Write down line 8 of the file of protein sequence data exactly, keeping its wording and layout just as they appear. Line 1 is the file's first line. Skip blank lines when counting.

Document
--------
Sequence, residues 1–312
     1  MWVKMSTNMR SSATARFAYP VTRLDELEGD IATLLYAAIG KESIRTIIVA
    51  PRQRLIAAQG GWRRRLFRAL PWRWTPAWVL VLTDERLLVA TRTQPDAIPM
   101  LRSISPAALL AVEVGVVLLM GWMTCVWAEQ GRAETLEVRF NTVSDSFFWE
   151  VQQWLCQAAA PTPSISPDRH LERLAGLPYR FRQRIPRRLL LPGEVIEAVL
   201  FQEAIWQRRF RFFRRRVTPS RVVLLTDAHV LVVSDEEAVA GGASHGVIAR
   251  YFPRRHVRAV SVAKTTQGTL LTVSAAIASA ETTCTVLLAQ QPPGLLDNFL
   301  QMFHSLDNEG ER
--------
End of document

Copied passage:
   301  QMFHSLDNEG ER